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Is the Consecration Gradual?

ROME, NOV. 25, 2003 (Zenit.org).- Answered by Father Edward McNamara, professor of liturgy at the Regina Apostolorum Pontifical Athenaeum.

Q: I serve as a member to the RCIA team in our parish and recently it was asked, Why don’t they ring the bells anymore at Mass? The answer that was given by the DRE was something I have never heard before. It was stated that there is not one magical moment, and that the bread and wine gradually become the Body and Blood of Christ through all the prayers at Mass. Have you ever heard of this? — S.G., Youngstown, Ohio

A: First, there is no reason why a bell should not be rung at the consecration. This is still the practice at papal Masses and is explicitly foreseen in the new General Instruction of the Roman Missal, No. 150, which states: “A little before the consecration, when appropriate, a server rings a bell as a signal to the faithful. According to local custom, the server also rings the bell as the priest shows the host and then the chalice.”

As to the theological hypothesis of a gradual consecration given by the director of religious education: To put it mildly, it would appear to overstate the conclusions of certain valuable contributions to eucharistic theology which have sought to emphasize the advantage of considering the Eucharistic Prayer in its entirety, rather than limiting one’s attention to the formula of consecration, in order to achieve a fuller and richer concept of the eucharistic mystery.

Concentration on the moment of consecration tends to privilege above all the aspect of the Real Presence, while taking the entire Eucharistic Prayer into account brings out more fully other aspects such as the Eucharist as memorial of Christ’s sacrifice, his resurrection and ascension, the role of the Holy Spirit, the aspect of mediation, its role in building up the Church, etc. In many ways this is the procedure used by the Holy Father in his recent encyclical “Ecclesia de Eucharistia.”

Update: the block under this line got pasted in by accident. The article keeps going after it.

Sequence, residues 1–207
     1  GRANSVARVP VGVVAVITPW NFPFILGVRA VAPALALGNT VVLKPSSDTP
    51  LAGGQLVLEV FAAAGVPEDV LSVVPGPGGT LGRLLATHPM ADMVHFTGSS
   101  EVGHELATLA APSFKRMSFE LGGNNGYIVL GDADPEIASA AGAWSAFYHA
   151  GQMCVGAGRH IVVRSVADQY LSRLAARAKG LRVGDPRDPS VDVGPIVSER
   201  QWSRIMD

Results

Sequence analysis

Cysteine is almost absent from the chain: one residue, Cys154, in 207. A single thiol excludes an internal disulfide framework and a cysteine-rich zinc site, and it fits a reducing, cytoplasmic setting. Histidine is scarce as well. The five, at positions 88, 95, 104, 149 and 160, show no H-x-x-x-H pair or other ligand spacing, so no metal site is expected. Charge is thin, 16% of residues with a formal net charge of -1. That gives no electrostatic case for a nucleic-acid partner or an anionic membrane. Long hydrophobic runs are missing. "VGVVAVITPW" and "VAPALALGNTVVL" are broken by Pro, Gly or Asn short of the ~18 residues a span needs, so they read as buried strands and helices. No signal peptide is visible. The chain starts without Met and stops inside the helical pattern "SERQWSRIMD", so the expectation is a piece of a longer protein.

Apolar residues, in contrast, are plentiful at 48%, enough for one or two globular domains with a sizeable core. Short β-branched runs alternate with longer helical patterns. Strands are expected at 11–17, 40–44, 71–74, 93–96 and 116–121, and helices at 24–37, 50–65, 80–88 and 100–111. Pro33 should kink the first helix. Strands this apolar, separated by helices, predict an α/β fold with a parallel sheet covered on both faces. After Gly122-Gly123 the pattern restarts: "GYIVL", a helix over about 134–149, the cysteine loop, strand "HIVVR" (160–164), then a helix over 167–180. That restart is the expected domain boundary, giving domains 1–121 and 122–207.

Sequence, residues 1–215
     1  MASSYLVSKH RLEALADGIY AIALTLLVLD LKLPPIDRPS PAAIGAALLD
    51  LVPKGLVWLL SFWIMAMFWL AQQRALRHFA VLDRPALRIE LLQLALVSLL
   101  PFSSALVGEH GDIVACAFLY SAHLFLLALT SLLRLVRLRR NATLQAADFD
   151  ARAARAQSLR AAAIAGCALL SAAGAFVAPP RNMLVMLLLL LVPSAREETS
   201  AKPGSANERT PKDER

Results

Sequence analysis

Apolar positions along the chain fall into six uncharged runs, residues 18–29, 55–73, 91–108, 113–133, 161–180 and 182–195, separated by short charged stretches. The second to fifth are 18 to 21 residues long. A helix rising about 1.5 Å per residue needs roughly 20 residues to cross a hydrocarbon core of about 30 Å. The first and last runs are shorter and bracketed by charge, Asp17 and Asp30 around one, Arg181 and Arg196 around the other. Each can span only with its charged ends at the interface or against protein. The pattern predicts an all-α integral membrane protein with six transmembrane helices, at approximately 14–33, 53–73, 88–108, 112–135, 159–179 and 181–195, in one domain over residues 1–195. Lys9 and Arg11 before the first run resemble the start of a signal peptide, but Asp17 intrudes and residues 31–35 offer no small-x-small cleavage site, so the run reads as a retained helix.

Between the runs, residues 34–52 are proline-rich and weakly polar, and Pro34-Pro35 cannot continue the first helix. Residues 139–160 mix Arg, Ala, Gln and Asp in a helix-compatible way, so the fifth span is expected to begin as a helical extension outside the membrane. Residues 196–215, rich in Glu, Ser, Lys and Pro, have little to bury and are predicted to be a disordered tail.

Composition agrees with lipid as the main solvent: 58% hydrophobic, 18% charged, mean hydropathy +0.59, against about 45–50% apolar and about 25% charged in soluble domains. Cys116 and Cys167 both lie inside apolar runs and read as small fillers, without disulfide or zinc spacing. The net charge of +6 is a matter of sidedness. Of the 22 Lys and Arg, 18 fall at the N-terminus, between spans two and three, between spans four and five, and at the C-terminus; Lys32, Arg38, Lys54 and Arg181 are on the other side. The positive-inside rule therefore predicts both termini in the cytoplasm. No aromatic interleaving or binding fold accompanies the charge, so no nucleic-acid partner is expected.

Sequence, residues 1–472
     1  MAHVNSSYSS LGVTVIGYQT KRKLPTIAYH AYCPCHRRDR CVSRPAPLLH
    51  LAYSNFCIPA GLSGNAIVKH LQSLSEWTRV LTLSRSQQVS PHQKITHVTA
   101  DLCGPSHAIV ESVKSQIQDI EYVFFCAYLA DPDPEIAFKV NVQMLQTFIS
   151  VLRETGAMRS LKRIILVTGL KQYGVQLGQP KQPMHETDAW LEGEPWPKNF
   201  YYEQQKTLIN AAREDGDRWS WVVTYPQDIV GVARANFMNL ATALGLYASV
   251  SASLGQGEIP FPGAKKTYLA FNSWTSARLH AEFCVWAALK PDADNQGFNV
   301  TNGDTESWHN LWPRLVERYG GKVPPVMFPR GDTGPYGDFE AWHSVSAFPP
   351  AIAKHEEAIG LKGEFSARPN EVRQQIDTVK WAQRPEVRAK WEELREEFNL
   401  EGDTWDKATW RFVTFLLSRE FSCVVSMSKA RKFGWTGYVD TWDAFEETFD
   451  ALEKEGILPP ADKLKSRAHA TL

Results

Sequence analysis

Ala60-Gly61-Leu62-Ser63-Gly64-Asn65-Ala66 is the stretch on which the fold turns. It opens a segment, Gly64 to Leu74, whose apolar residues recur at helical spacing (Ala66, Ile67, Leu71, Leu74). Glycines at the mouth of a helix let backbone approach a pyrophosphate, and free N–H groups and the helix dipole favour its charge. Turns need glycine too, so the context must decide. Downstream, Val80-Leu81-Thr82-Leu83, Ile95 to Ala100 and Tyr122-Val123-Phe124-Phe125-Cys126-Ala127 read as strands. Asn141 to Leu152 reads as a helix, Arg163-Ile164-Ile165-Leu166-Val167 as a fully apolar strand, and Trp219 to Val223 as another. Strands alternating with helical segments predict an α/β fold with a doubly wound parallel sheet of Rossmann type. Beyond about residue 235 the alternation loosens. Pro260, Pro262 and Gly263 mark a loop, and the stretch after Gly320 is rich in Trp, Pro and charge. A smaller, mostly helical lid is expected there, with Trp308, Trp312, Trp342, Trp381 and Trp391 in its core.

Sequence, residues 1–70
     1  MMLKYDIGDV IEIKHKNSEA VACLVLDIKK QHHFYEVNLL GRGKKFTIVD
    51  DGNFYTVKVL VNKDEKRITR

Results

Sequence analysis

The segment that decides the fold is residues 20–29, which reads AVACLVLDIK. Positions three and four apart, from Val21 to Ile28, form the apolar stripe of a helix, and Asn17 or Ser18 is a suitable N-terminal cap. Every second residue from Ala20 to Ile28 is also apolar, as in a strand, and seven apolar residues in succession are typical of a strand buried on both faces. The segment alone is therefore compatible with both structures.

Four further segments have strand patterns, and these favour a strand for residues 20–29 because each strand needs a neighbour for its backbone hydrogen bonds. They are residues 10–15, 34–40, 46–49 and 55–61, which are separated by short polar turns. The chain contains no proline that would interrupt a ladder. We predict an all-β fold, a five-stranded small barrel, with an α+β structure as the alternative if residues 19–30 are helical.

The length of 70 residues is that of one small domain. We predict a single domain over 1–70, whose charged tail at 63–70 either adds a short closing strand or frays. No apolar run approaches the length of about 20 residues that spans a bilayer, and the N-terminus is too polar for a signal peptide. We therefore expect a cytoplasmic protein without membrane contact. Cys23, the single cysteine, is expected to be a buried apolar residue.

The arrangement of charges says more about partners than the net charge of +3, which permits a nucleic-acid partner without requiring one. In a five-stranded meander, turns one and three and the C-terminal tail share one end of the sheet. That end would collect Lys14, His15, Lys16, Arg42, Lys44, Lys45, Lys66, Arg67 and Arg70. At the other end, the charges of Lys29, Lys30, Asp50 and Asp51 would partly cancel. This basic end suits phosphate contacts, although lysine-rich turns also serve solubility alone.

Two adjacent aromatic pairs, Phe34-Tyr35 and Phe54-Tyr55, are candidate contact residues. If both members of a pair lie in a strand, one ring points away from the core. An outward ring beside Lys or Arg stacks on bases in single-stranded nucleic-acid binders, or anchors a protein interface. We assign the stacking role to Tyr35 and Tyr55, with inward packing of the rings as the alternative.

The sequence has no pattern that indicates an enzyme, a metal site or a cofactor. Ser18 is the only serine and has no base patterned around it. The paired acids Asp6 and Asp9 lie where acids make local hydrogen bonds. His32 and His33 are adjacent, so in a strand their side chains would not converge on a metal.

The use of this method, however, in no way contradicts traditional Catholic theology as to a specific moment in which the bread and wine are changed into Christ’s body and blood at the consecration. The concept of a gradual transformation from bread to Eucharist is no more sustainable than the idea of a nonhuman embryo becoming an almost human, or a not quite human, fetus, gradually transforming itself into a human being. There can be no stages in the eucharistic mystery: It is either bread or it is Christ, there is nothing in between.

This truth is also indicated by the rubrics of the Mass which explicitly state that the priest genuflect in adoration after consecrating the bread, and again after the consecration of the wine. This rubric would be senseless, not to say idolatrous, if Christ were not already fully present from that moment.

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Follow-up: Protestant Songs at Mass

A reader says he was “totally shocked” by our comments on liturgical music (see Nov. 11). He asks if I “have any sense how critical a role music plays in the Liturgy for young people” and believes that “To move back to traditional, pre-Vatican music is contrary to what John Paul II has demonstrated as he has reached out to our younger members. He has participated in World Youth Day celebrations …”

While I am sorry for causing distress to anybody I do not believe that my earlier response called either for a total return to pre-conciliar music nor for any prohibition of new pieces. In fact, I actually recommended the work of Monsignor Marco Frisina, who wrote almost all the liturgical music for the 2000 World Youth Jubilee.